The attack was carried out by two women who walked into a busy area in the center of Waza, five miles (8 km) from the Nigerian border, said Midjiyawa Bakari, the governor for the Far North region where the attack took place. He said that 13 had been killed and 43 wounded. A baby was among the dead, he said. Many were seriously wounded and were flown to nearby hospitals, he said.

No group claimed responsibility for the attack, but the region has been a frequent target of Boko Haram militants in their eight-year bid to carve out an Islamic caliphate beyond Nigeria.

Last month, nine were killed in the town of Kolofata when two children carrying explosives blew themselves up near a camp housing people displaced by Boko Haram violence.

In eight years, Boko Haram attacks have killed more than 20,000 people in the Lake Chad region, including Nigeria, Cameroon, Chad and Niger and, according to the latest UN refugee agency figures, displaced 2.7 million.



‘Punching Holes in the Darkness’: Leading Middle East Female Artists Light Up London

14 July 2017

A powerful exhibition of the work of 31 contemporary female artists from 12 Middle Eastern countries is now showing in London.

Among the artists are Ahaad Al-Amoudi from Jeddah, Sheikha Lulwa Al-Khalifa from Bahrain and Shereen Audi from Jordan.

Each work shows a different aspect of women, and collectively they demonstrate a great range of emotions, insights and life experiences as interpreted by the artists.

The work “Land of Dreams” by Al-Amoudi makes the viewer stop and stare because it is so unexpected and unusual.

It shows a desert landscape filled with images of the popular Emirati singer Ahlam Al-Shami. She appears to emerge from the sand, dominating the landscape and blotting out everything else you might expect to see in this setting.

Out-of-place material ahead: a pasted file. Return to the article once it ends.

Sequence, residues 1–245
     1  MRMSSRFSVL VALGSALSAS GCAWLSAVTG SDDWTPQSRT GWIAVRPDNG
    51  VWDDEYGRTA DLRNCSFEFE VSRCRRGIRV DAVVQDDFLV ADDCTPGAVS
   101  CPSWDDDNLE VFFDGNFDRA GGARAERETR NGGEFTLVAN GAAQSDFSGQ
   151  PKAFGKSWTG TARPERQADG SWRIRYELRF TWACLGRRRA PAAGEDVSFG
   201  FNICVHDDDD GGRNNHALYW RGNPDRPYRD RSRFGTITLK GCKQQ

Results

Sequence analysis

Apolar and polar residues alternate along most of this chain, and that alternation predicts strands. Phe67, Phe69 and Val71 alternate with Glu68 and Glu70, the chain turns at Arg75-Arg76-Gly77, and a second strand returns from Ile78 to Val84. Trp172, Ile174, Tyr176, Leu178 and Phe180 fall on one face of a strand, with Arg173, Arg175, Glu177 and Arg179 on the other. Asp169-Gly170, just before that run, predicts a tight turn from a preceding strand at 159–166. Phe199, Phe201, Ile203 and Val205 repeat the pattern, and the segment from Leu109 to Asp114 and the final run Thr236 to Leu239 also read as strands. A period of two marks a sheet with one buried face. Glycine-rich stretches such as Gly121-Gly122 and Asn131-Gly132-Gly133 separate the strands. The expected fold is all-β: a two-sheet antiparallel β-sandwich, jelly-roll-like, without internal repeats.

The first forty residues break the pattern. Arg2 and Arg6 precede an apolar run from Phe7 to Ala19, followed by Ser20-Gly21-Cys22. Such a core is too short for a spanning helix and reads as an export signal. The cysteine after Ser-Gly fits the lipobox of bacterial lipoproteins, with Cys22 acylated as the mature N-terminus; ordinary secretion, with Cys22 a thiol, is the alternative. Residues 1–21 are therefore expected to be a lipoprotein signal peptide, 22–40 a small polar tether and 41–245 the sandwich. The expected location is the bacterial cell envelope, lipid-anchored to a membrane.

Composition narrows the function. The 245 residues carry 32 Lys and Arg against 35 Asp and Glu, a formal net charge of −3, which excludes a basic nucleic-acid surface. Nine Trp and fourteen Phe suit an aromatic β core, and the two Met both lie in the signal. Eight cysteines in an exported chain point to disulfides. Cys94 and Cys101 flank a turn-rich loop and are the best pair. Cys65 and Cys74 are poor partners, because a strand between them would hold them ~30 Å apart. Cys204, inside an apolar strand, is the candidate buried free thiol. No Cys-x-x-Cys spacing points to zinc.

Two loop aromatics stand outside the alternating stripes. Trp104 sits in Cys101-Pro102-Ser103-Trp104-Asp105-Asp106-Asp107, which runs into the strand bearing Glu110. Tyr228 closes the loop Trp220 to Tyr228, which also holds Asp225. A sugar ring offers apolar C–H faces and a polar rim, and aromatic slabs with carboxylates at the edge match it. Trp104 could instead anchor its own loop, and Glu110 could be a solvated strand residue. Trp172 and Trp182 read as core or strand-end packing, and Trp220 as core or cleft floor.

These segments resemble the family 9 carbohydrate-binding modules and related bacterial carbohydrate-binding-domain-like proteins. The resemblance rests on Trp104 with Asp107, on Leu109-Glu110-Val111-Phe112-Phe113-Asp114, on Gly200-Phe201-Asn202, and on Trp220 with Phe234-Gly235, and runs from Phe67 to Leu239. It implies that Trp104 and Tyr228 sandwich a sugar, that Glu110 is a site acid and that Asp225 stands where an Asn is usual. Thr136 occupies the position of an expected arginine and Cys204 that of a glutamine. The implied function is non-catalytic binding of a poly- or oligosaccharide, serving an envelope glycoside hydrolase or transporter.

The artist chose Al-Shami as her subject because she is so prolific on the Internet and social media. Her public image also challenges perceptions of the submissive stereotype.

“I wanted the viewer to come with their own notion and interpretation of their land of dreams, then be subjected to Ahlam scattered across an empty plot of land,” said Al-Amoudi (“Ahlam” means “dream” in Arabic).

Al-Amoudi obtained a bachelor’s degree in graphic design at Dar Al-Hekma University, and is finishing her masters in print at the Royal College of Art in London.

Al-Khalifa has a thought-provoking image of a woman staring out through a barrier of white lines that resemble a blind. Just as her view of the world is distorted, so is the view of those looking at her from the outside.

“Middle Eastern women are an integral part of the world community,” she said. “They’re woven into the fabric of humanity that we’re all part of. We have more that unites than separates us. We just have to remove the barriers to obtain clarity.”

She added: “I really believe in the message behind this exhibition. It tries to bridge the gap between East and West; this is especially important now when there are so many misconceptions and so much misinformation around. Art is a perfect vehicle that can deliver a different message.”

The “I AM” exhibition, organized by CARAVAN and guest-curated by Janet Rady, a specialist in Middle Eastern contemporary art, premiered in May at the Jordan National Gallery of Fine Arts in Amman, under the patronage of Queen Rania. It is showing at London’s St. Martin-in-the-Fields in Trafalgar Square until Aug. 20 and will then tour North America until the end of 2018, premiering in Washington.

The founding president of CARAVAN, Rev. Canon Paul-Gordon Chandler, told Arab News: “The core message of this exhibition is about tearing down walls and building bridges. We’re doing this through the lens of Middle Eastern women. The artworks reflect and celebrate what Middle East women contribute to global peace.”

CARAVAN, which originated out of Cairo, is an international peacebuilding NGO that focuses on building bridges between the creeds and cultures of the Middle East and the West through the arts, which it sees as one of the most effective mediums to enhance understanding, bring about respect, enable sharing and deepen friendship between those of different faiths and cultures.

Chandler believes that everyone can play a part in breaking down walls of prejudice.

“It’s not always about big projects; it’s also about one on one. We each can do something to change the perception of the other. That’s our responsibility,” he said.